described earlier. T h e coupling c o n stan t ga~n is in c re d ib ly sm all, b u t it is possible
to tak e ad v an tag e o f th e n a tu re of th e axion back g ro u n d .
As shown earlier, th e background axion n u m b e r d e n sity is very high. M oreover,
since axions w ere b o rn as a B ose-E instein condensate, th e y all have th e sam e energy
an d are coherent.
If it is possible to couple th e c o h eren t axion background to
a coherent p h o to n b ackgrou n d , th en th e re should be a sm all n u m b e r of photons
produced by ax io n -to -p h o to n conversion. A s ta tic m a g n e tic field was th e source of
coherent photo n s proposed by Sikivie. T h e process o f a x io n -to -p h o to n conversion
in a background m a g n etic field is shown in F igure ( 2 . 8 ).
By conservation of energy, th e photons pro d u ced in ax io n -p h o to n conversion will
have energy eq u al to th e re st m ass o f th e axion plus th e sm all corrections resu ltin g
from th e ir k in e tic energy discussed in th e last sectio n . Since th e axions all have
th e sam e energy, th e p h o to n s will be m o n o ch ro m atic w ith freq u en cy / given by
h f = m ac2( l + 0(1C T 6)).
A t th e lower en d of th e axion m ass window (1 - 100 /m V ), th e converted photons
are in th e m icrow ave region (1 GHz = 4.14 fieV ). For th is reaso n , m icrow ave cavities
R e p ro d u c e d with permission of the copyright owner. Further reproduction prohibited without perm ission.
40
9 a rr
a
►-
F igure 2.S: Feynman diagram for axion production through th e Prim akoff process.
a re used as th e photon, d e te c to r. Because th e axion b a ck g ro u n d is coherent, th e
converted p hotons a re co h eren t as well, and act as a classical field ex citin g m odes in
a resonant cavity. T h e axion m ass is unknow n, so th e freq u e n cy o f th e cavity m ust
b e tu n e d to m a tc h th e re so n a n t frequency w ith th e ax io n re st m ass.
In a Sikivie-type a x io n d e te c to r, a tu n a b le m icrow ave c av ity sits inside a large
solenoid m ag n et. T h e noise sp e c tru m from th e cav ity is m e a su re d a n d searched for a
p eak in d icativ e o f a x io n -to -p h o to n conversion. A ny c a n d id a te p e ak th a t is found in
th e background noise s p e c tru m m u st pass a very s trin g e n t te st; it m u st only ap p ear
w hen th e m ag n etic field is on, a n d its pow er m u st be field d e p e n d e n t.
2.3.1
Cylindrical Resonant Cavities
T h is section p resen ts th e im p o rta n t electro m ag n etic fo rm u las for th e m icrow ave
cavities used as axion d e te c to rs. T hey are ty p ically rig h t-c irc u la r cylinders w ith th e
g eo m etry show n in F ig u re (2.9).
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41
x
F ig u re 2.9: Right-circular Cavity Geometry.
T h e electric an d m ag n etic fields are fo u n d by solving th e H elm holtz eq u atio n
V 2$ + fc2$ = 0
(2.39)
w here th e vvavenumber k is given by
k 2 = fie J 2 - P 2
(2.40)
P is th e eigenvalue for th e tran sv erse (x ,y ) com ponents.
S olutions to (2.39) a re called m odes o f th e cavity. For a n e m p ty cavity, th e re
a re tw o ty p es of m odes w hich differ by th e b o u n d ary conditions satisfied by th e
fields. T ransverse M agnetic (T M ) m odes have B z = 0 an d satisfy th e b o u n d ary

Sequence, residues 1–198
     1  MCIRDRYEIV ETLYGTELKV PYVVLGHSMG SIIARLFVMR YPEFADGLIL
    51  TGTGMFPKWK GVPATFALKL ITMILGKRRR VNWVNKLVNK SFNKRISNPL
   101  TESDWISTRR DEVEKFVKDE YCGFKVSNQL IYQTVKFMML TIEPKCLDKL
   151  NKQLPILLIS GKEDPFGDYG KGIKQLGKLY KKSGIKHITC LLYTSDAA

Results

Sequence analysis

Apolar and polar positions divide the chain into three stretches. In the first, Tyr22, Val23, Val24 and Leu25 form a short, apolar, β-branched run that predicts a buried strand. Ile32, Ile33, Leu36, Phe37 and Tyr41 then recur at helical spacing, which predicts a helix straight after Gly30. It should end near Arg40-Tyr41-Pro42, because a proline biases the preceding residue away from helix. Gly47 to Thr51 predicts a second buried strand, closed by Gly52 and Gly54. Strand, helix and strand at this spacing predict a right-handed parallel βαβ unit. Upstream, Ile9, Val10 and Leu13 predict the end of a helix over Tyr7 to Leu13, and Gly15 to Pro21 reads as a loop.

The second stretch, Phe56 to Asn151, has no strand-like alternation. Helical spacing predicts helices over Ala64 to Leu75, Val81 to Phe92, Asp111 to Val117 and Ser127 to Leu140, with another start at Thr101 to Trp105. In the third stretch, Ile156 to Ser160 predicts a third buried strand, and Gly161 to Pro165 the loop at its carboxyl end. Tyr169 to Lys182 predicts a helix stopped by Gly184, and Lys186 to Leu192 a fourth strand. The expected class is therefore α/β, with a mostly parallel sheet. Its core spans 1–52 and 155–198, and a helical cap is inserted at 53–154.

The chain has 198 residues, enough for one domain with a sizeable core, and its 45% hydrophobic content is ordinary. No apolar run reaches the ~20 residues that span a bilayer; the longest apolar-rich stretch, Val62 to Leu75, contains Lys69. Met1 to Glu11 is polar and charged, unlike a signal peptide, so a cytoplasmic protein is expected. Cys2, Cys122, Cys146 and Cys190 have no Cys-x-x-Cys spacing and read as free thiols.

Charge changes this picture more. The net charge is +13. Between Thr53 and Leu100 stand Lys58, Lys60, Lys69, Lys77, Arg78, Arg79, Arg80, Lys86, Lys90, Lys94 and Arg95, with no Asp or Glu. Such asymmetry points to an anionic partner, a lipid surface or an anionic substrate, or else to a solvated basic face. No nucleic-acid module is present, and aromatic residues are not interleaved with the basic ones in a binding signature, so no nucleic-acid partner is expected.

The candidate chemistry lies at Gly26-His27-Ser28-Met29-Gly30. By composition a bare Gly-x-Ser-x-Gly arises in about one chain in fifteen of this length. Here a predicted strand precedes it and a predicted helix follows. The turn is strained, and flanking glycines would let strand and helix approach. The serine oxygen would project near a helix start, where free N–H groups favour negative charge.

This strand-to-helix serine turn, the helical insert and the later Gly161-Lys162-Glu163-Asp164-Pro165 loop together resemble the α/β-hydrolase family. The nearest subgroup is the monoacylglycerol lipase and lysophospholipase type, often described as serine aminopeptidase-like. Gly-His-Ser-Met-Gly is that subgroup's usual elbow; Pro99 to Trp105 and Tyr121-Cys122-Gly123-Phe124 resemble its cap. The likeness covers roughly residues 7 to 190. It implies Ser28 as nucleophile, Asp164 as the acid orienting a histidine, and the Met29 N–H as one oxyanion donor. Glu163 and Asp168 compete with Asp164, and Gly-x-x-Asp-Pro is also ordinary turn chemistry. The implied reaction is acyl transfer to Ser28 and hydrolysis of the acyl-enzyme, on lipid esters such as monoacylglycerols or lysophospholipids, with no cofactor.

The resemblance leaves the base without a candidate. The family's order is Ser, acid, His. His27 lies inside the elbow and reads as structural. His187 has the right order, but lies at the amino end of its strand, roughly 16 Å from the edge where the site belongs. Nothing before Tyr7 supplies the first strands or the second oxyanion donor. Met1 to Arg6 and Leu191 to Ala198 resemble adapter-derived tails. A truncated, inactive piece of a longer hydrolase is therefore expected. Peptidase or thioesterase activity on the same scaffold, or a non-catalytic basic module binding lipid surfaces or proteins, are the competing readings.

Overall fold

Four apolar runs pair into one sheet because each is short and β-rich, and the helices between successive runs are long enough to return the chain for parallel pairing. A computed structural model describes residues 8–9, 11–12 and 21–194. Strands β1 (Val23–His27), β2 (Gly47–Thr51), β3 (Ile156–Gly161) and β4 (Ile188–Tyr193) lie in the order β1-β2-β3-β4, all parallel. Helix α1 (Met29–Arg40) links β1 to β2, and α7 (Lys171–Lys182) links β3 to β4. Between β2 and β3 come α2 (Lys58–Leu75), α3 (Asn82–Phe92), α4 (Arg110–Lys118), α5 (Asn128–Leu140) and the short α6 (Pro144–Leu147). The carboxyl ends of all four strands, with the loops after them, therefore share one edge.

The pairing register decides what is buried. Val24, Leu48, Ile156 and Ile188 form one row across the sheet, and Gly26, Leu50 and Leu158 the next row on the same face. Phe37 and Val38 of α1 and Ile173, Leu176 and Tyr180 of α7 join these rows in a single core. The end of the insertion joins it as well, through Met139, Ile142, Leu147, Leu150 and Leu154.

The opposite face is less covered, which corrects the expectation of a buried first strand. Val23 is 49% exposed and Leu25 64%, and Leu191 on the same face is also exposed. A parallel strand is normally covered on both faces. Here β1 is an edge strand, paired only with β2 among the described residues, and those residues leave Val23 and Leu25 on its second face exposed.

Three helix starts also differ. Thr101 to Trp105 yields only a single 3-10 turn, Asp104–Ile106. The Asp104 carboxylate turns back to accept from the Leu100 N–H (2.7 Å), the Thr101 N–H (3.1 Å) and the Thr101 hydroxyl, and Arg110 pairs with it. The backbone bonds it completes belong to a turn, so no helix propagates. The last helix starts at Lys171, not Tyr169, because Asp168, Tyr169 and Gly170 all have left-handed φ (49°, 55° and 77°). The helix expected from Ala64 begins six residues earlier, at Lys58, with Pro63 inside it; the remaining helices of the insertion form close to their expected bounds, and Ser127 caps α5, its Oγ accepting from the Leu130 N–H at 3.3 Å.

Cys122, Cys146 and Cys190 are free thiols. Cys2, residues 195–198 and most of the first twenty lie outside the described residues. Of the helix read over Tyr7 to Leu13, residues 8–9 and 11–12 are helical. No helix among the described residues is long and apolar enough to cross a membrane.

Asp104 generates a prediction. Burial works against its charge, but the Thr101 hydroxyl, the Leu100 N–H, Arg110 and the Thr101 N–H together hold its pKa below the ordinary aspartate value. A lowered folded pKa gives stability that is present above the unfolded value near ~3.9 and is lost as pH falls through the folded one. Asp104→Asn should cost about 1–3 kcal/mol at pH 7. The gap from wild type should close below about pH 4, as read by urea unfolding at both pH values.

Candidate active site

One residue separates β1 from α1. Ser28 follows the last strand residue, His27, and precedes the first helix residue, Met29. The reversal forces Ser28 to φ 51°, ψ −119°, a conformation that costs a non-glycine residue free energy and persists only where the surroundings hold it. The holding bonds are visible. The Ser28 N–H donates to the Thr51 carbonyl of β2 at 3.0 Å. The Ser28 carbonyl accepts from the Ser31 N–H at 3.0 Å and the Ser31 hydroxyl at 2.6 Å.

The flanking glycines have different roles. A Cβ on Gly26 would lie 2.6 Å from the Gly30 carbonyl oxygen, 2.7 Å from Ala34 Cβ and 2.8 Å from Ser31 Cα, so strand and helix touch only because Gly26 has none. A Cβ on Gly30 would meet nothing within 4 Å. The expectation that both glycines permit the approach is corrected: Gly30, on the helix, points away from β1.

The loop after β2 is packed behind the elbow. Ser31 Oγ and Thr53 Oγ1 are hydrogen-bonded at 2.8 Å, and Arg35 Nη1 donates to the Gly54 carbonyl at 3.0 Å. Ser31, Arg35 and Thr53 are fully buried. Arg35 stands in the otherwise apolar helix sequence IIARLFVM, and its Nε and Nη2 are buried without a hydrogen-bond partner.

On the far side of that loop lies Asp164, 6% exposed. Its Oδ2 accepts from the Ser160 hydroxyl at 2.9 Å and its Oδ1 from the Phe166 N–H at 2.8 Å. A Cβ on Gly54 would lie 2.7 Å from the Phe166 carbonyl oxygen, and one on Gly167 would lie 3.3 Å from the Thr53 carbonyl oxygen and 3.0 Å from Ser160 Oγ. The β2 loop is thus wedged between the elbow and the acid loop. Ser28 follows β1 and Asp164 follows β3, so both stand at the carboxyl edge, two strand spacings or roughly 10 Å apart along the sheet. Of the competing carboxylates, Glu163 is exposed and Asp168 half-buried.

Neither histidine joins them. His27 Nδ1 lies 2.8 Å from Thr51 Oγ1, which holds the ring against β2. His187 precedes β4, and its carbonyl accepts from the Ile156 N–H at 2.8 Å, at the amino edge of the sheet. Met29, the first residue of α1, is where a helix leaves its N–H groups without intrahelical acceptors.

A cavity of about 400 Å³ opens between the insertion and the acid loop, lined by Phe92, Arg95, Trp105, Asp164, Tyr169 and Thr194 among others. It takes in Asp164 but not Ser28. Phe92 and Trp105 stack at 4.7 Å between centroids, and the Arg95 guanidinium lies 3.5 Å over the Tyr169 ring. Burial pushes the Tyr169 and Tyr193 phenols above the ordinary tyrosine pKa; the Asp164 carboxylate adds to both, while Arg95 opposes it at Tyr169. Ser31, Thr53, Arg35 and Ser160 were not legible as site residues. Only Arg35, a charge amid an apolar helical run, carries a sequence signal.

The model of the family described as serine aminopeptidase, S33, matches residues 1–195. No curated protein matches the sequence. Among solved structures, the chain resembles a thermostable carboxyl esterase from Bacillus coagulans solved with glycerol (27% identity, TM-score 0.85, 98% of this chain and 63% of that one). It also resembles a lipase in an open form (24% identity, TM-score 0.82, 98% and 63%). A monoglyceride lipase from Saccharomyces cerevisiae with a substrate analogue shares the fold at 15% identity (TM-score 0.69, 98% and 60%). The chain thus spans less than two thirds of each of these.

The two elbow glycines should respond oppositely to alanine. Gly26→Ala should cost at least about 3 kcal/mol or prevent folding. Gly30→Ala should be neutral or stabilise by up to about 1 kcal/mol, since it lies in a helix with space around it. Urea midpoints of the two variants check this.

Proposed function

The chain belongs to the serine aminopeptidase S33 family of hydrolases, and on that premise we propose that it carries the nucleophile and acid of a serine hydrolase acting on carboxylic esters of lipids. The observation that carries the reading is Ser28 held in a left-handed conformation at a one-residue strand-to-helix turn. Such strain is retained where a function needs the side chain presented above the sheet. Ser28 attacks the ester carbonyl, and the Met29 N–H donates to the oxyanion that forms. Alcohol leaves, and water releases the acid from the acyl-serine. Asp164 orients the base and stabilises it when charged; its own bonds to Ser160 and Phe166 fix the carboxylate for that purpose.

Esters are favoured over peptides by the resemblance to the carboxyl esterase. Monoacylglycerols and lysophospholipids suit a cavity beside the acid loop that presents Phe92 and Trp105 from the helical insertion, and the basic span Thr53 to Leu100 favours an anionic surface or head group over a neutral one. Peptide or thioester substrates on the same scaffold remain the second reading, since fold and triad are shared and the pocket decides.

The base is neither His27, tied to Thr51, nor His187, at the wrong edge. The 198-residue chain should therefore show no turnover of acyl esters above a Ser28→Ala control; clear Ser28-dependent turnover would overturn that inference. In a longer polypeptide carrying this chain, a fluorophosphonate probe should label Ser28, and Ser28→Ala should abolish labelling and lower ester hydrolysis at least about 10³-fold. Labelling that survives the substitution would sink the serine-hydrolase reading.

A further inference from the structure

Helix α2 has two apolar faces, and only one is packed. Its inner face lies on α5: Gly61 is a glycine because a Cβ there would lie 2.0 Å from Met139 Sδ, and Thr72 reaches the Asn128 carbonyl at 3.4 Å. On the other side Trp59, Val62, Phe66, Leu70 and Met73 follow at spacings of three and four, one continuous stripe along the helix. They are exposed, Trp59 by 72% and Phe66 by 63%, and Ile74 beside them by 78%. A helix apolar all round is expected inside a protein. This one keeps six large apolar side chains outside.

co n d itio n E z (r = R ) = 0. T ransverse E lec tric (T E ) m odes have E z = 0 a n d satisfy
th e b o u n d a ry condition
|r_ fl = 0 .
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42
T h e field $ in (2.39) corresponds to E z for T M m odes an d to H z for T E m odes.
Since th e tw o -photon coupling is p ro p o rtio n al to E - B , an d th e solenoidal m agnetic
field only has a z-com ponent, axions will only couple to T M m odes. I will ignore
T E m odes for th e rest of th e section.
T h e lo n g itu d in al com ponent of th e electric field E z for T M m odes in a rightc irc u lar cavity found from th e solution o f (2.39) is[55]
E s (r, 6 , 2 , t) = E aJ m
e±im* cos
e *'"4
(2.41)
m ,n , and p are m ode indices (T M mnp m ode), a mn is th e n th root of J m(x). m is th e
n u m b e r of a z im u th a l nodes (m = 0 , 1 ,2 . . . ) , n is th e n u m b e r o f rad ial nodes (n =
1,2,3 . . . ) , an d p is th e n u m b er of longitudinal nodes (p = 0,1,2 . . . ) .
T h e frequency o f th e T M mnp m ode is
/-
= 2^ p V ^ + (t )2
<2-42>
B ecause th e axion couples m ost strongly to th e T M 0lo m ode, it is th e only one
used in th is ex p erim en t. T h e expressions for E z a n d /oio are
E z (r, 6 , 2 , t) = E 0Jo (2 .4 0 5 -^ ) eiu,t
(2.43)
fM M H A = i t i E
( , . 44)
W h en a m e ta l tu n in g rod is placed inside th e cavity, a th ird kind o f m ode w ith
E z = B z = 0 is possible.
T hese are called T E M m odes an d do n o t couple to
axions. T h e y are solutions to th e tw o-dim ensional e le c tro s ta tic eq u atio n s, and th e ir
frequency depends only on th e length o f th e cav ity cl.
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43
T h e q u a lity fa c to r o r Q o f a cav ity is a m e a su re o f th e pow er loss in th e walls
as well as th e sharpness of th e response to e x te rn a l ex citatio n s. It is defined as th e
ra tio of th e stored energy to th e pow er loss p e r cycle.
<3 = u j j r
(2.45)
w here cjq is th e resonant frequency. B ecause th e w alls are lossy, th e electric field
sjJtyt
.
oscillations are d a m p ed E z (t) = E z (0)e 2£? e tuJ° . T h e frequency s p e c tru m o f th e
energy is found from th e sq u are o f th e m a g n itu d e o f th e Fourier tra n sfo rm o f E z(t).
T h e result is th e com m on L o ren tzian reso n an t line sh ap e